Written in the 3rd person (avoid “I”, “you” etc) • Written in an academic style (avoid journalistic/sales type of speech/slogans/slang etc)

• Written with enough clarity that someone OTHER than your Project Supervisor will be able to follow the work you have done

• Spell checked & grammar checked • Sections and pages should be numbered

• Listing References: You should use the Harvard convention and arrange alphabetically Typical Structure This may have slight variations depending on the type of dissertation. However, the following is a general example:

• Cover Page: include Module name and code; Title of your project; Your name and student ID; Word count • Abstract (200 words, +/-10%): this should briefly describe the scope of your dissertation, the question being asked and conclusions reached.

• Contents Page: include Table of Contents, List of Figures (not included in word count) • Introduction: Brief description of the background, aim(s) & objectives of the dissertation and a clear statement of the question(s) that you analyse and the methodology you are using. The objectives and methods should be justified in the main body of the dissertation under ‘methodology’.

• Main body of the dissertation: (Literature Revie​‌‍‍‍‌‍‍‍‌‍‍‍‌‌‌‌‌‌‍‍​w, Methodology, Data Analysis/discussions) should be numbered with section headings and subheadings, as necessary (this would be expected to represent the largest part of the dissertation ie at least 2800 words in a 4,000 word dissertation). Data analysis and discussion part should be ideally constructed based on each objective.

Objective 1: analysis and discussion,

Objective 2: analysis and discussion. •

Conclusion/Recommendations: this needs to be linked to the preceding analysis highlighting key findings and any limitations. • List of References: Using Harvard convention and alphabetically ordered (not included in word count). • Appendices: only include items (data, that have been used fairly extensively in the body of your dissertation (not included in word count) LO1 Analyse new novel or abstract data using an appropriate range of established subject-specific techniques. Judge the reliability, validity and significance of evidence to support conclusions and/or recommendations.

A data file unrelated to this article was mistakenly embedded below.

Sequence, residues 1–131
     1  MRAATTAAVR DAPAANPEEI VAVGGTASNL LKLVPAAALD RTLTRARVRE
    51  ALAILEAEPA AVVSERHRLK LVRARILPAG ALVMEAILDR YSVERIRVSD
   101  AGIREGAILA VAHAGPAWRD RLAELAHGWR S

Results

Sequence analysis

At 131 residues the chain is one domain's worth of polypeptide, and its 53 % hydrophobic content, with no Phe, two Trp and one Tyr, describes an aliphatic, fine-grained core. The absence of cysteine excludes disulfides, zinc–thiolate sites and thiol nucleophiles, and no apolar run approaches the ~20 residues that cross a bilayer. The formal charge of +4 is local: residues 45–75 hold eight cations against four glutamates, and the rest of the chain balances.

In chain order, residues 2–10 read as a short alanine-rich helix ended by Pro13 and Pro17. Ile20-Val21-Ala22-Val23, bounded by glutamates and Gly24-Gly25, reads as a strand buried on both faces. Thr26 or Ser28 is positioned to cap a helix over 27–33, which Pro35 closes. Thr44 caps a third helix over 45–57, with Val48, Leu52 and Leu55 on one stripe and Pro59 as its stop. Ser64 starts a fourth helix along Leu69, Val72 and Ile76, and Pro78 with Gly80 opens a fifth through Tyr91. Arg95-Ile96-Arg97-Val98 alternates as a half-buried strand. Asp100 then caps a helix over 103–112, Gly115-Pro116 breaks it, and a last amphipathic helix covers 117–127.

Suggest reasons for contradictory data/results. LO2 Identifies principles and concepts underlying theoretical frameworks and methodological approaches, identifying their strengths and weaknesses. LO3 Apply knowledge in unfamiliar contexts, synthesising ideas or information to generate novel solutions. Achieves a body of work or practice that is coherent and resolved. LO4 Acts with minimal supervision or direction within agreed guideline, taking responsibility for accessing support and accepting accountability f​‌‍‍‍‌‍‍‍‌‍‍‍‌‌‌‌‌‌‍‍​or determining and achieving personal outcomes.